A Georgia judge cancelled a planned Friday meeting to discuss the protocols that would be followed to review 147,000 of Fulton County’s absentee ballots.
The move came after the county filed multiple motions to dismiss the case.
“Fulton County, the Fulton County Board of Registrations and Elections and the Fulton County Clerk of Superior and Magistrate Courts all filed motions to dismiss Wednesday night and Thursday morning arguing the plaintiffs failed to properly serve them notice of the suit,” Georgia Public Broadcasting reported.
“The filings also allege plaintiffs sued the wrong people, the defendants are protected under sovereign immunity and that plaintiffs failed to state a claim that entitles them to court action.”
Henry County Superior Court Judge Brian Amero, who is overseeing the case, scheduled a new hearing on these motions for June 21.
BREAKING: The Fulton County Board of Registration and Elections is attempting to STOP the inspection of ballots, approved last week.
There is absolutely no reason for this. Why are they fighting transparency? pic.twitter.com/Msnv5VOcr4
— Tea Party Patriots (@TPPatriots) May 27, 2021
Last Friday, Amero ruled in favor of Georgia citizens who sued Fulton County to gain access to review absentee ballots over the objections of the state’s attorney general’s office.
Georgia Assistant Attorney General Charlene McGowan argued that there should not be an audit, but if there is one, it should be done by an independent group.
“The petitioners would be of the view that they are the ones to defend their own constitutional rights in this suit that they have filed,” Amero responded to that position.
“[W]hether they have the right to conduct these independent viewings, not a physical inspection, but an inspection nonetheless, a visual inspection, combined with an opportunity to have ballot images at resolution that allows them to pursue their claims, that seems to be something they have the authority and the right to do,” the judge further stated.
The suit to gain access to the ballots was brought originally by Garland Favorito, a voting integrity advocate with VoterGA and resident of Fulton County.
Others have joined in, including the Tea Party Patriots Foundation, which filed an amicus brief in the case.
Favorito “says county workers likely fabricated ballots and counted some ballots multiple times on election night,” and the lawsuit cited a video of the counting and sworn statements from observers, according to The Atlanta Journal-Constitution.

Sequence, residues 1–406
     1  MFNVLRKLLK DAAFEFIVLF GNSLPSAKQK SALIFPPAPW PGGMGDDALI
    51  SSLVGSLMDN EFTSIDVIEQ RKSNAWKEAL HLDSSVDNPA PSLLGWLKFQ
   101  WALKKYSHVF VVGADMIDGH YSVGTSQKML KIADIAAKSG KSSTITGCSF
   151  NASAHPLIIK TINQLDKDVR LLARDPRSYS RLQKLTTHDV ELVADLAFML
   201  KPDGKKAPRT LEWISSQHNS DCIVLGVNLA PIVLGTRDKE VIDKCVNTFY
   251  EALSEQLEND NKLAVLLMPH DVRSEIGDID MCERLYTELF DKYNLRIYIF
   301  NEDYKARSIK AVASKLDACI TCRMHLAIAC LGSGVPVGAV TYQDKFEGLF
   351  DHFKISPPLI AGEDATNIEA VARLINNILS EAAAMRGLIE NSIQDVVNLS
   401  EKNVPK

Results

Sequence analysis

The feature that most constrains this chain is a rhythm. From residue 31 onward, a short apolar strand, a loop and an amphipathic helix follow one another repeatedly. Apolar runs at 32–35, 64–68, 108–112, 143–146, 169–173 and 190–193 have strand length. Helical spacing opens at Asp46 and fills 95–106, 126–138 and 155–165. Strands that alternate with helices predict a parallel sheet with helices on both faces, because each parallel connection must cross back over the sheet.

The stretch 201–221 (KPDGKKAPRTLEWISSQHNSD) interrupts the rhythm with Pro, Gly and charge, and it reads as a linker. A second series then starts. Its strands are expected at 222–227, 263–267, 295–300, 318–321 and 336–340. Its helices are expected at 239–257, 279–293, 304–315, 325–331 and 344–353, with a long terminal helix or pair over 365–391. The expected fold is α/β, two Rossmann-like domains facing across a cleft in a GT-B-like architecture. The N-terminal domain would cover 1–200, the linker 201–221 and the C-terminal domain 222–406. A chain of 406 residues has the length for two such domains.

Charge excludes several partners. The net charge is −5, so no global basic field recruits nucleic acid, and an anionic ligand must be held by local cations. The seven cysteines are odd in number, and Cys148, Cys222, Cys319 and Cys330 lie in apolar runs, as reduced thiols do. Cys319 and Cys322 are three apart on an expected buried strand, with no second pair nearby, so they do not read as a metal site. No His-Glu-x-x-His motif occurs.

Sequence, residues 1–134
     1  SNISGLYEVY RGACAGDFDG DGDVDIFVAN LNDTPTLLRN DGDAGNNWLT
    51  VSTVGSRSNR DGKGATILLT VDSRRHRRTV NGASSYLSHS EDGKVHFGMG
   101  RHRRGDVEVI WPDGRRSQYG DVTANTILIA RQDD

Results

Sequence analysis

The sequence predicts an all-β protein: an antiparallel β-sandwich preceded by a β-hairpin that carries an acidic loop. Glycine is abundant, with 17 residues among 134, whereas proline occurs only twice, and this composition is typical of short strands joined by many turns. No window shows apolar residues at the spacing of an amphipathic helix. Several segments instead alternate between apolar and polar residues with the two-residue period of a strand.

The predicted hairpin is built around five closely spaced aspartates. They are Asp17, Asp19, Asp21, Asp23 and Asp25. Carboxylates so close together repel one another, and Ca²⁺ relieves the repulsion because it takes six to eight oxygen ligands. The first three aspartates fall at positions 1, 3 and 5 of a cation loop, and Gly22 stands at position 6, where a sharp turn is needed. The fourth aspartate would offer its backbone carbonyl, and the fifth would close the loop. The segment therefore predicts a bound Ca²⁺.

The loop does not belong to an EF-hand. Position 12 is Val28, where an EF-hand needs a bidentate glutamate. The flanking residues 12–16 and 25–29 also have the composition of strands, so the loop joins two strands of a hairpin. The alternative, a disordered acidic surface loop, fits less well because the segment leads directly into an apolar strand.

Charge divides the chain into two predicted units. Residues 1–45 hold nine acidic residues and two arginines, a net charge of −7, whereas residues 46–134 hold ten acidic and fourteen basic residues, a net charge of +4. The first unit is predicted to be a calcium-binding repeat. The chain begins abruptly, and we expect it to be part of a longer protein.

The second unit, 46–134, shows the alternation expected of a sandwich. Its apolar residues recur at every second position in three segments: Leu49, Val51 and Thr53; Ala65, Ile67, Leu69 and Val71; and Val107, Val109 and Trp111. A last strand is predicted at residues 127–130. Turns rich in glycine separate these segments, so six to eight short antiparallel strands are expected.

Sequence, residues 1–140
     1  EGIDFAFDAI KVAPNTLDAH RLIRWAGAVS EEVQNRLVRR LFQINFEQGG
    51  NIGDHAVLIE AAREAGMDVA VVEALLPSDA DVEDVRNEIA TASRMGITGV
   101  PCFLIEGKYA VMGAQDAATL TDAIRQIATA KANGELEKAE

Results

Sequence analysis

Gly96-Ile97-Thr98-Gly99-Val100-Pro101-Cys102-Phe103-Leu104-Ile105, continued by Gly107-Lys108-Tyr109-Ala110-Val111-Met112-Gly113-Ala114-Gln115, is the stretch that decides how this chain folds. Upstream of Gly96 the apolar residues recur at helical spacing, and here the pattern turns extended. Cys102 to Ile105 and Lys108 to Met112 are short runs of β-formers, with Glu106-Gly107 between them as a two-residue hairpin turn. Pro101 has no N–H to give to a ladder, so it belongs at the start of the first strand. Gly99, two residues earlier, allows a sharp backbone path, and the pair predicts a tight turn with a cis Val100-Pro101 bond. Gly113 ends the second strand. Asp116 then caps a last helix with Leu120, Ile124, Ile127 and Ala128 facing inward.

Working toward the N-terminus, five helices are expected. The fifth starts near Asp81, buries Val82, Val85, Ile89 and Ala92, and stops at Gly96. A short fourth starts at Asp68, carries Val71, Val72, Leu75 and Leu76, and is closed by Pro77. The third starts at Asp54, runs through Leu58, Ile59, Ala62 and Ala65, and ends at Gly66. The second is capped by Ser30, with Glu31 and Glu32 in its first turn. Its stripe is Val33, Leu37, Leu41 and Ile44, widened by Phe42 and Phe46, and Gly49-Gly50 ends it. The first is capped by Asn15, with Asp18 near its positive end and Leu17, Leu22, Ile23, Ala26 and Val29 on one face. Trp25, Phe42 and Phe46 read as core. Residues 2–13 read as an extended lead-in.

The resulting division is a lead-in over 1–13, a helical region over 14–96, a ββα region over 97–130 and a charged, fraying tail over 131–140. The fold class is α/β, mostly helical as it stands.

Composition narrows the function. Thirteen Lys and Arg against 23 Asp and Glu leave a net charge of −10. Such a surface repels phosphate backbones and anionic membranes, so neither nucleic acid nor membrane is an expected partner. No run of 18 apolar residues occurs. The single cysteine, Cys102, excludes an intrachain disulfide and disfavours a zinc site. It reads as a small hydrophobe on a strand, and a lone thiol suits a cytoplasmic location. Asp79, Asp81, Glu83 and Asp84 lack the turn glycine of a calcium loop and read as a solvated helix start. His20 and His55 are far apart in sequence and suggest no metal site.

State Farm Arena in Fulton County is the location where poll watchers were told by election officials that counting had stopped for the night, only for surveillance video to reveal it resumed later in the night.
Dr. Lisa Detter-Hoskin — a senior research scientist with the Georgia Institute of Technology, who testified for the plaintiffs last Friday — said that in order to properly review the ballots, a minimum resolution of 600 DPI (dots per inch) scan would be needed.
This resolution would allow the audit team to check for abnormalities such as candidate selection ovals being filled in by machines, rather than by hand or mail-in absentee ballots having no folds, as some Fulton County election observers previously claimed in sworn affidavits.
At the conclusion of last Friday’s hearing, Amero ruled that the plaintiff’s team would be able to both “inspect and scan absentee ballots.”
Fulton County Commission Chairman Robb Pitts came out forcefully against the ballot review following Amero’s decision.
“It is outrageous that Fulton County continues to be a target of those who cannot accept the results from last year’s election,” he said.
“The votes have been counted multiple times, including a hand recount, and no evidence of fraud has been found.”
Favorito believes if there was no fraud, the audit will assuage people’s concerns that there was.
“If all these votes are correct and there are no counterfeit ballots, then we can go home and rest assured that the election was conducted correctly,” he said, according to The Associated Press.
“If there are a lot of counterfeit ballots, then we need to figure out how to prevent that in the future.”
This article appeared originally on The Western Journal.
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